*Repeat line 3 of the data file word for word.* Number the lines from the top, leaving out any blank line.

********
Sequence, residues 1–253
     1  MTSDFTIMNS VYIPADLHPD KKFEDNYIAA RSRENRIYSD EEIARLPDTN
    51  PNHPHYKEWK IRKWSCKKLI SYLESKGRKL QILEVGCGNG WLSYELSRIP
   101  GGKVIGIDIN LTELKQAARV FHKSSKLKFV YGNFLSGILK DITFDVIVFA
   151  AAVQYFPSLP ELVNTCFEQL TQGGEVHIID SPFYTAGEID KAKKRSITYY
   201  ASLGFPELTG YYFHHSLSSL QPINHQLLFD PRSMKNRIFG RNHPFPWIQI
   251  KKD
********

    51  PNHPHYKEWK IRKWSCKKLI SYLESKGRKL QILEVGCGNG WLSYELSRIP